Paragonimiasis (lung fluke disease)

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Paragonimiasis (lung fluke disease)

  1. 1. By :group one
  2. 2. Introduction Paragonimiasis is a food-borne parasitic infection caused by 15 different species of Paragonimus trematodes cause a sub-acute to chronic inflammatory disease of the lung 2
  3. 3.  P. westermani was discovered in the lungs of a human by Ringer in 1879 and eggs in the sputum were recognized independently by Manson and Erwin von Baelz in 1880 3
  4. 4.  Manson proposed the snail as an intermediate host and various Japanese workers detailed the whole life cycle in the snail between 1916 and 1922 The species name P. westermani was named after a zookeeper who noted the trematode in a Bengal tiger in an Amsterdam Zoo. 4
  5. 5. Epidemiology Humans become infected after eating raw freshwater crabs or crayfish that have been encysted with the metacerciaria. Southeast Asia is more predominately more infected because of lifestyles. Raw seafood is popular in these countries. Crab collectors string raw crabs together and bring them miles inland to sell in Taiwan markets. 5
  6. 6.  These raw crabs are then marinated or pickled in vinegar or wine to coagulate the crustacean muscle. This process of cooking does not kill the metacercariae, consequently infecting the host. Smashing rice-eating crabs in rice paddies, splashing juices containing metacercariae, can also transmit the parasite, or using juices strained from fresh crabs to medicinal uses. 6
  7. 7.  This parasite is easily spread because it is able to infect other animals (zoonosis). An assortment of mammals and birds can be infected and act as paratenic hosts. Ingestion of the paratenic host can lead to infection of this parasite. Paragonimus westermani is distributed in southeast Asia and Japan. 7
  8. 8.  Other species of Paragonimus are common in parts of Asia, Africa and South and Central America. P. westermani has been increasingly recognized in the United States during the past 15 years because of the increase of immigrants from endemic areas such as Southeast Asia. Estimated to infects 22 million people worldwide. 8
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  11. 11. Life cycle The eggs are excreted unembryonated in the sputum, or alternately they are swallowed and passed with stool In the external environment, the eggs become embryonated , and miracidia hatch and seek the first intermediate host, a snail, and penetrate its soft tissues 11
  12. 12.  Miracidia go through several developmental stages inside the snail sporocysts , rediae , with the latter giving rise to many cercariae , which emerge from the snail. The cercariae invade the second intermediate host, a crustacean such as a crab or crayfish, where they encyst and become metacercariae. 12
  13. 13.  This is the infective stage for the mammalian host Human infection with P. westermani occurs by eating inadequately cooked or pickled crab or crayfish that harbor metacercariae of the parasite 13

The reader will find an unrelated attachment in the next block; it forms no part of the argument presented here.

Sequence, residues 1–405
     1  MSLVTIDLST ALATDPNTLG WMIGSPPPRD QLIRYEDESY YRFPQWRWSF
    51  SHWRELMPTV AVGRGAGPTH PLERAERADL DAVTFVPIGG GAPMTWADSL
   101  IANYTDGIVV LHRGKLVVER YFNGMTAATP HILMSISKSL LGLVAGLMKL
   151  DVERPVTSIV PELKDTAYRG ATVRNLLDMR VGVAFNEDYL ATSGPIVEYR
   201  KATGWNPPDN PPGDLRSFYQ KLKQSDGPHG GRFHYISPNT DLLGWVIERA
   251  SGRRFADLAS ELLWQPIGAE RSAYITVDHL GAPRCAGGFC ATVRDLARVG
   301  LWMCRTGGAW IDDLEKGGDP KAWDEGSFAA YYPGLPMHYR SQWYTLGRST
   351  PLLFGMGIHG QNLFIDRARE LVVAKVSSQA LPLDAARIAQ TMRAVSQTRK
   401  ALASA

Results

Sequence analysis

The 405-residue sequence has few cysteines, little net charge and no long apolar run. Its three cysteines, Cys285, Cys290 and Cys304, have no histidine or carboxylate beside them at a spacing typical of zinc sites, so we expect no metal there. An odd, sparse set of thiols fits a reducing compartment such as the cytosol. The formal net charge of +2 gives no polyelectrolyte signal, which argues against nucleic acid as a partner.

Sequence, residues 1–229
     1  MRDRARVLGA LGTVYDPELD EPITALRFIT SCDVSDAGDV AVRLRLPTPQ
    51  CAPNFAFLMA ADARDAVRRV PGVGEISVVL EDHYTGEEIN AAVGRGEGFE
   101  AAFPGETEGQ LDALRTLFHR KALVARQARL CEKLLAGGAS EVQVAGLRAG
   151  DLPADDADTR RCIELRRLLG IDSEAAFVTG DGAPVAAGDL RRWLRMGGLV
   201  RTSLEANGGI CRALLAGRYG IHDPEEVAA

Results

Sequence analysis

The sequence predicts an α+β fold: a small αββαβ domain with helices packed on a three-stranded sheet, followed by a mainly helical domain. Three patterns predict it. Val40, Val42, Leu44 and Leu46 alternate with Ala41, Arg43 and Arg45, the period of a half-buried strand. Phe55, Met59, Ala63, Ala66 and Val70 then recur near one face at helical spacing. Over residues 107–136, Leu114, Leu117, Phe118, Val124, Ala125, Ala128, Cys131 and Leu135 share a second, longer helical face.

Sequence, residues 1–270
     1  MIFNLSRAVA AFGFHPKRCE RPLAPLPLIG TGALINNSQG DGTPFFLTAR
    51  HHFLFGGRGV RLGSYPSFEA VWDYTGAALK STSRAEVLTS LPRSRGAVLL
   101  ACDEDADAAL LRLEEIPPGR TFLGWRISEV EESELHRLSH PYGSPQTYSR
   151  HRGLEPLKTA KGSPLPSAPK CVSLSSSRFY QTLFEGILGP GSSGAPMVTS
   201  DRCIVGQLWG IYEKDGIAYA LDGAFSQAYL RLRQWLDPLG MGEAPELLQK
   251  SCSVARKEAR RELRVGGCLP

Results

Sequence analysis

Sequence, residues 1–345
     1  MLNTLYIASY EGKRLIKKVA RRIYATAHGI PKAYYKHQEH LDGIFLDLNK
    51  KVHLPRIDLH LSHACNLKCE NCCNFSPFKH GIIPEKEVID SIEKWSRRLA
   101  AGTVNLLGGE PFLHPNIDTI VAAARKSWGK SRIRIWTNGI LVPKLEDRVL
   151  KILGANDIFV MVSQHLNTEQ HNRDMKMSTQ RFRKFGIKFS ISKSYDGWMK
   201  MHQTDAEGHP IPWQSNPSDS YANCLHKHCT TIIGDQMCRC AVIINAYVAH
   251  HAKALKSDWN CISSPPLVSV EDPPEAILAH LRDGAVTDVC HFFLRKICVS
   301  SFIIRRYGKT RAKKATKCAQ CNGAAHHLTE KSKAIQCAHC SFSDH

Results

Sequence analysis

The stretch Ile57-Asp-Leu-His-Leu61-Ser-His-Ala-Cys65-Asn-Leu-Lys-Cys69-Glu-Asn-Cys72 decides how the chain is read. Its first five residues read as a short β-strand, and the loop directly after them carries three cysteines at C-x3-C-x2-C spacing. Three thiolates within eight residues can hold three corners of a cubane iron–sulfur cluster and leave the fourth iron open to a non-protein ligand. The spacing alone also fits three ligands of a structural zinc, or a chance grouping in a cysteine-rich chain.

14. 14.  The metacercariae excyst in the duodenum penetrate through the intestinal wall into the peritoneal cavity, then through the abdominal wall and diaphragm into the lungs, where they become encapsulated and develop into adults (7.5 to 12 mm by 4 to 6 mm). 14
  15. 15.  The worms can also reach other organs and tissues, such as the brain and striated muscles, respectively. However, when this takes place completion of the life cycles is not achieved, because the eggs laid cannot exit these sites. Time from infection to oviposition is 65 to 90 days. 15
  16. 16.  Infections may persist for 20 years in humans. Animals such as pigs, dogs, and a variety of feline species can also harbor P. westermani. 16
  17. 17. Life cycle 17
  18. 18. Adult worm 18
  19. 19. Transmission Time from infection to oviposition (laying eggs) is 65 to 90 days. Infections may persist for 20 years in humans.  Humans are infected by eating undercooked freshwater crabs and crayfish infected with the metacercariae. 19
  20. 20. pathology The immature flukes burrow out of the human intestine into the peritoneum, where they mature and tunnel their way into the lungs. Here they cause inflammation, haemorrhage, and necrosis of the lung parenchyma. Adult flukes (stout, bean-shaped, ~1 cm long) live in cavities in proximity to airways. 20
  21. 21. Clinical features Days-weeks after eating infected food, migration of the flukes within the peritoneal and pleural cavities causes signs of inflammatory and allergic responses fever rashes urticaria abdominal and chest pain or discomfort. 21
  22. 22.  Ova are expelled either in expectorated sputum or in the faeces after being swallowed. Flukes that miss the lungs produce extrapulmonary symptoms (due to cysts, granulomas, and abscesses) in muscles, abdominal viscera, brain, genitalia. 22
  23. 23. o The classic feature of chronic pulmonary disease is persistent cough with production of a thick brownish- red sputum (due to the presence of ova and flukes). Some times hemoptysis Physical examination of the chest often reveals little and the patients appear quite well. 23